Willful and malicious injury?

Wells Fargo v. Maryam Nawroz; 11-01183-BFK; 12/22/2011

This suit was brought by Wells Fargo against Chapter 7 debtor, Maryam Nawroz, to determine the dischargeability of a debt owed by the debtor to Wells Fargo.

The debt arose out of a mistake by Wells Fargo when the debtor transferred money out CD’s held by Wells Fargo into a retirement account.  Wells Fargo mistakenly credited the Debtors retirement account twice.  Before Wells Fargo realized the mistake, the Debtor transferred the money out of her retirement account into a checking account with Union Bank.  The Debtor then wrote a check on the amount. This check would not have cleared but for the mistaken transfer by Wells Fargo.

The Debtor testified that she was severely depressed at the time of the transfers, she was not keeping close tabs of her finances of business affairs.  The Debtor testified that she did not know about the mistaken transfer and used the money for a family emergency.

In this action to determine nondischargeability of debt, Wells Fargo has the burden of proof.  Section 523(a)(6) excepts from a debtor’s discharge debts that are the result of “willful and malicious injury by the debtor to another entity of the property of another entity.”  Judge Kenny recognized that the Supreme Court held that “willfulness” requires more than just a negligent, or even reckless, injury; rather, the term “willful” requires a deliberate or intentional act that leads to injury.”  Kawaauhau v. Geiger, 523 U.S. 57, 61 (1998).  An injury is only willful and malicious “if the actor purposefully inflicted the injury or acted with substantial certainty that injury would result,” however, “a debtor may be assumed to intend the natural and consequence of his acts.”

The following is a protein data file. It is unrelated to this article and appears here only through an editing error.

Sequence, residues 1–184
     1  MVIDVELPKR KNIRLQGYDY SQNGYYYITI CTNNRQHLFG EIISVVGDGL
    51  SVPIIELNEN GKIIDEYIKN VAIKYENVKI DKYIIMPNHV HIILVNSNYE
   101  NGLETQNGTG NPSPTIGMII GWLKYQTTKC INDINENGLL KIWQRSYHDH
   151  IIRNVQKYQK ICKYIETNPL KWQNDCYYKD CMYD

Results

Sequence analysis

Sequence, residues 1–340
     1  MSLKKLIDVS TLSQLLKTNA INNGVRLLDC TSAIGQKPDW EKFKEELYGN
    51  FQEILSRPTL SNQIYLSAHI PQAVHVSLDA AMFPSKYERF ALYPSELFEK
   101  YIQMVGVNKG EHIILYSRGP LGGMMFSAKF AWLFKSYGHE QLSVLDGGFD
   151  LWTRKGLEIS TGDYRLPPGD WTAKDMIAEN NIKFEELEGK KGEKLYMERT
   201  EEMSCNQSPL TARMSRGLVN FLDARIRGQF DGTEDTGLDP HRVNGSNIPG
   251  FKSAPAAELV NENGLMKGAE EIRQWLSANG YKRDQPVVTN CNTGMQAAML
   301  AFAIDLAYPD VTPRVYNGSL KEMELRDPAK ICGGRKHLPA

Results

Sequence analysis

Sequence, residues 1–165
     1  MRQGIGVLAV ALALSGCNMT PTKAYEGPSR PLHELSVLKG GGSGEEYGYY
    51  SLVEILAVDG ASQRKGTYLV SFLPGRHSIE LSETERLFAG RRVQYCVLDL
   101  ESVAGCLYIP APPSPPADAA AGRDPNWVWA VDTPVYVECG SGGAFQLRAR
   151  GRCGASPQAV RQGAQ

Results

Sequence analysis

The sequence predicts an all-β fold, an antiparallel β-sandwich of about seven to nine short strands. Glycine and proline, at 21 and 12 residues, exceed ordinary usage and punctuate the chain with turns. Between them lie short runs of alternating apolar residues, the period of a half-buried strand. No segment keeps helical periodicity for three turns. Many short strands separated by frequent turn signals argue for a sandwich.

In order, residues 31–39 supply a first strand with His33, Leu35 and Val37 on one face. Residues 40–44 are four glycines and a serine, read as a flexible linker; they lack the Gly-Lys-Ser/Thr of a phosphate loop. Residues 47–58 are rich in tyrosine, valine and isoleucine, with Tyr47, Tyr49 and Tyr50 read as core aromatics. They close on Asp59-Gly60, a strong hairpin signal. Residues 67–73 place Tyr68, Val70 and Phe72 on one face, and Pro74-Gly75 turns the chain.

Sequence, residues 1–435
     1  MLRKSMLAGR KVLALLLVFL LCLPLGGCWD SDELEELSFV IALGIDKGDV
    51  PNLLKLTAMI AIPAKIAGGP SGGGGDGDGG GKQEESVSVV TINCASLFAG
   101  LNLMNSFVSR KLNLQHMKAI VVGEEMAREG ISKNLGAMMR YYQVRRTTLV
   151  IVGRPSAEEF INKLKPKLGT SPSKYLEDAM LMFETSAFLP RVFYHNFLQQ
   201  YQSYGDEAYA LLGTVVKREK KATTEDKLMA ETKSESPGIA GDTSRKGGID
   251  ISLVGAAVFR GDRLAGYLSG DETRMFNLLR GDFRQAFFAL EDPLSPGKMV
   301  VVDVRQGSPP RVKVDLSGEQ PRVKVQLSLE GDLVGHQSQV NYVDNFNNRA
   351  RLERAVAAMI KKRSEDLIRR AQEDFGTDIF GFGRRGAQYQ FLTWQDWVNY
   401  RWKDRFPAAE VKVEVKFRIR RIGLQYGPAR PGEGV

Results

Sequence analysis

The Court decided that the Debtor’s use of the funds was both deliberate and intentional because the debtor intended to deprive Wells Fargo of the rightful use of its funds, which was the natural consequences of her acts.  This satisfies the willful element.

The Fourth Circuit has held that a debtor may act with malice even though he or she bears no subjective ill will toward, and does not specifically intend to injure, his or her creditor.  Further elaborating, the Fourth Circuit stated that the Debtor’s subjective state of mind is relevant . . .and that a particular debtor’s knowledge may be proved by circumstantial evidence:  Implied malice may be shown by the acts and conduct of the debtor in the context of the surrounding circumstances.

A Debtor’s injurious act done deliberately and intentionally in knowing disregard of the rights of another is sufficiently willful and malicious and will prevent discharge of the debt.  Here the Debtor made a conscious choice to use the funds rather than alert Wells Fargo of the mistake.  Because the Fourth Circuit has stated that the proper focus is not on the Debtor’s good intentions, but simply on her exercise of dominion and control over funds that she knew belonged to another, Judge Kenney felt constrained to find the actions were malicious and that the debt was non-dischargeable.

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